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Adapting to shifting trade lanes: Strategies from UPS president

Adapting to shifting trade lanes: Strategies from UPS president
Adapting to shifting trade lanes: Strategies from UPS president

The supply chain is all about flexibility, says United Parcel Service’s supply chain solution president, Bill Seward. “From using artificial intelligence (AI) to evolving trade lanes, companies must remain agile and offer flexible solutions,” says Seward. 

He attended the premier supply chain conference MODEX in Atlanta a few days ago. Reflecting on the critical discussions, contributions, and solutions the experts discussed, Seward says it’s important to stay on top of this “quickly changing industry.”

According to Seward, four factors sum it up: digital solutions, technology and efficiency, diversification, and sustainability. 

More and more digital solutions are popping up, hoping to connect customers and businesses meaningfully. “Customers are looking for flexible, digital solutions to link every part of the supply chain,” says Seward. 

The ‘digital solution’ Seward refers to is a complex network of interconnected technologies and services. It’s all aimed at improving customer or user experiences. It also included a wide spectrum of tools and platforms. This could range from social media, to even mobile applications, including virtual reality and the Internet of Things (IoT).

America’s postal service, UPS, has a forwarding hub and a digital portal designed for freight shippers to move their air and ocean cargo with limited delays or interruptions. Using their digital platforms, customers can book a shipment anytime, possibly from any location (given an internet connection).

UPS also uses a cloud-based visibility platform, which the company says helps supply chains run smoothly. “It connects everything from inbound and warehousing to inventory management and returns,” explains Seward. 

Technology at the heart of operations

“We can’t talk about innovation today without mentioning AI. I’m excited about the integrated approach UPS is taking with this technology,” says the UPS president. 

Seward was named one of America’s top supply chain leaders last year. UPS operates in 120 countries and deals with over 400,000 employees, providing end-to-end supply chain solutions to entrepreneurs and business people. 

Efficiency is critical to keep customers happy and the service competitive. “Collaborative robots at the UPS Velocity facility work alongside our UPSers, improving efficiency, safety, and employee retention while reducing repetitive tasks,” says Seward.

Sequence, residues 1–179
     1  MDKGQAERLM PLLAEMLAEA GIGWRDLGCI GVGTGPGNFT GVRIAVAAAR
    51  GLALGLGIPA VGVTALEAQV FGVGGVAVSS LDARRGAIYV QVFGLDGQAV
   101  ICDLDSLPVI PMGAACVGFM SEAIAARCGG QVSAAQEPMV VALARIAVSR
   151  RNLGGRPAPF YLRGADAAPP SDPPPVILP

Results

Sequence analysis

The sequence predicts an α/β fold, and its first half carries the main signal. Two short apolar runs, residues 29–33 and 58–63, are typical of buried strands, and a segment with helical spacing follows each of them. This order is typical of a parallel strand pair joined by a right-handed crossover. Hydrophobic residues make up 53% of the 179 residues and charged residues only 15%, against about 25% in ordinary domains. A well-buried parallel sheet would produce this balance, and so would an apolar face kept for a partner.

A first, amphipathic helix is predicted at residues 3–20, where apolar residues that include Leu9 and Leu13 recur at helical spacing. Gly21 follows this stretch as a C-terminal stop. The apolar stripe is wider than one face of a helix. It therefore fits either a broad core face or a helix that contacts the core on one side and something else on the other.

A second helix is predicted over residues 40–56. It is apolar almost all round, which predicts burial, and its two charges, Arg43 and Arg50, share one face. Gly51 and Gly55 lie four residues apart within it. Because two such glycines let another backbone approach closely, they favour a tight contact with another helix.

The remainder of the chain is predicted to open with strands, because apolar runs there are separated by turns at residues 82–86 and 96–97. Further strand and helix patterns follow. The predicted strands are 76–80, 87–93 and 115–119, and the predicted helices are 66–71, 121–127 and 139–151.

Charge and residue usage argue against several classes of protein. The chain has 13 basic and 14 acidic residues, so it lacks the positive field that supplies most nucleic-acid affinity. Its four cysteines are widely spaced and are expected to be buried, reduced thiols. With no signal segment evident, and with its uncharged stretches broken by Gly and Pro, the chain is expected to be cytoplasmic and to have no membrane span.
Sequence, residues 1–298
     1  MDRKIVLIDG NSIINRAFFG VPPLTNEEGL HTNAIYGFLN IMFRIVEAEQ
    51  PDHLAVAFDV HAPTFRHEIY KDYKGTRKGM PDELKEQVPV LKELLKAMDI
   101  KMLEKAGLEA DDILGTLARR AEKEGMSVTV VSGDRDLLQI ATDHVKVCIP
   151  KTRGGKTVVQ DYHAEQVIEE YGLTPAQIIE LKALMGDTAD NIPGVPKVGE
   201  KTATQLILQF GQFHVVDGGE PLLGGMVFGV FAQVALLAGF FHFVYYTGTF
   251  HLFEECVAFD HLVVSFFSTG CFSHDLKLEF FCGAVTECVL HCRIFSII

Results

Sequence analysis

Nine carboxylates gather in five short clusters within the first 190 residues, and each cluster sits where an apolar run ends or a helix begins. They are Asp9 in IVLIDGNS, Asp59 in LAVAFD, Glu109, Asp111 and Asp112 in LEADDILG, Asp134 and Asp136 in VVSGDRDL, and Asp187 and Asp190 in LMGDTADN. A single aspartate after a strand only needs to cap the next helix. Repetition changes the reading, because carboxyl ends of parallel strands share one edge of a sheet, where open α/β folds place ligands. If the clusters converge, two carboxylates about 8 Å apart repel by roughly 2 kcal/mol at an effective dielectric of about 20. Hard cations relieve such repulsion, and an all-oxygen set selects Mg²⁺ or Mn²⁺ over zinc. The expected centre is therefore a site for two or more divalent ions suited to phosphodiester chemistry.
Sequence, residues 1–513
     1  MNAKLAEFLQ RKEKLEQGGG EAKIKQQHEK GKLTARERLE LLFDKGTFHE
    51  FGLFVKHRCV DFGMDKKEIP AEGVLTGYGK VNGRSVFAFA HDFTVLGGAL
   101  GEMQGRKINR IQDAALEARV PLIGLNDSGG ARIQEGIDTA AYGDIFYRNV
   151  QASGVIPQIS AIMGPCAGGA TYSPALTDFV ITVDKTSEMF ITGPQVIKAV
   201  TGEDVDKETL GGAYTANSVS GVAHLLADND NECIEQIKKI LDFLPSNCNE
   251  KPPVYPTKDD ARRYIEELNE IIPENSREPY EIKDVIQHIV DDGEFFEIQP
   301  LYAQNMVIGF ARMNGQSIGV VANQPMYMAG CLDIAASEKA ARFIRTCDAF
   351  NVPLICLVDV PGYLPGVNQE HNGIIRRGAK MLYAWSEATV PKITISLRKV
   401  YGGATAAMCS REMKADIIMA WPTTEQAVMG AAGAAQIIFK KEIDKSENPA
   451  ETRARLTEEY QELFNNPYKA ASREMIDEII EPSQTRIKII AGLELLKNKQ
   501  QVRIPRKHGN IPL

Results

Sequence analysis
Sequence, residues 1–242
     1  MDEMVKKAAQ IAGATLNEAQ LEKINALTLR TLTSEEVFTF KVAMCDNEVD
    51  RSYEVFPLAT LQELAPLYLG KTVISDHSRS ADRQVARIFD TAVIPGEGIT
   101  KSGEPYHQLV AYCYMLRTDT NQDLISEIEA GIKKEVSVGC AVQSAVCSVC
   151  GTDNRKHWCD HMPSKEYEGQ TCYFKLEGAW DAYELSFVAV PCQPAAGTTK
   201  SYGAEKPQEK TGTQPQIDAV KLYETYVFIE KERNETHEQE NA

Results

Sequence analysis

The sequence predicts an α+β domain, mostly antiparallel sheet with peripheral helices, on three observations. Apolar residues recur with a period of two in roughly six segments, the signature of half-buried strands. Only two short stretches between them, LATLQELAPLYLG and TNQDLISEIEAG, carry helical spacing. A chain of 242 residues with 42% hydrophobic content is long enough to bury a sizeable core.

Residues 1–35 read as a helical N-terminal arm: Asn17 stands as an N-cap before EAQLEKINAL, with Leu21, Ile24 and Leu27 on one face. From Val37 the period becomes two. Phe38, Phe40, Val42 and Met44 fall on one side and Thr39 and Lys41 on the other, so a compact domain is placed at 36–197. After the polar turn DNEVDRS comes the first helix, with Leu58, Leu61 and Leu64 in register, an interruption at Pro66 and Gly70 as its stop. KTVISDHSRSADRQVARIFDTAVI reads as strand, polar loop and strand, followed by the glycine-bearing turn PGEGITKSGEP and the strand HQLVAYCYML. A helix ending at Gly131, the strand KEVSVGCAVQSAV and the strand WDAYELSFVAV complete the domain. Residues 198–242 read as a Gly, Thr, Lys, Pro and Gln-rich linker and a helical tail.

Their automated warehouse can process more than 350,000 items per day. This is significantly more than a non-automated warehouse.

Trade lanes are shifting gear

UPS says supply chains are “diversifying.” Countries like Mexico, India, and Thailand are emerging as new options for giving China a run for their money on a global supply chain scale. 

“This diversification means customers’ needs are evolving. We’re responding with new capabilities and dedicated nearshoring/trade lane shift SMEs to support supply chains in these markets,” says UPS. 

“By combining global forwarding, ground freight, warehousing, brokerage, and last-mile delivery into an integrated solution, we’re providing seamless end-to-end service for shipments moving from Mexico to the US,” says Seward. 

Sustainability comes first 

Climate change, air quality, and socioeconomic challenges impact communities, and UPS says that’s why they’ve been focusing on sustainability. They check their carbon footprint and make conscious decisions. 

According to the sustainability data platform Brightest, supply chain sustainability is an untapped environmental, economic, and social opportunity. Research suggests only 46% of companies audit their suppliers, while only 25% actively engage their suppliers in sustainability improvement.

“As I look to the future, excellence at UPS, or any company, is about ensuring customers have the flexibility and tools needed to operate efficiently and address challenges as they arise,” says Seward. 

NOW READ: Exclusive: Supply chain expert warns of AI lag, risks being left behind

About the author

Mia is a multi-award-winning journalist. She has more than 14 years of experience in mainstream media. She's covered many historic moments that happened in Africa and internationally. She has a strong focus on human interest stories, to bring her readers and viewers closer to the topics at hand.

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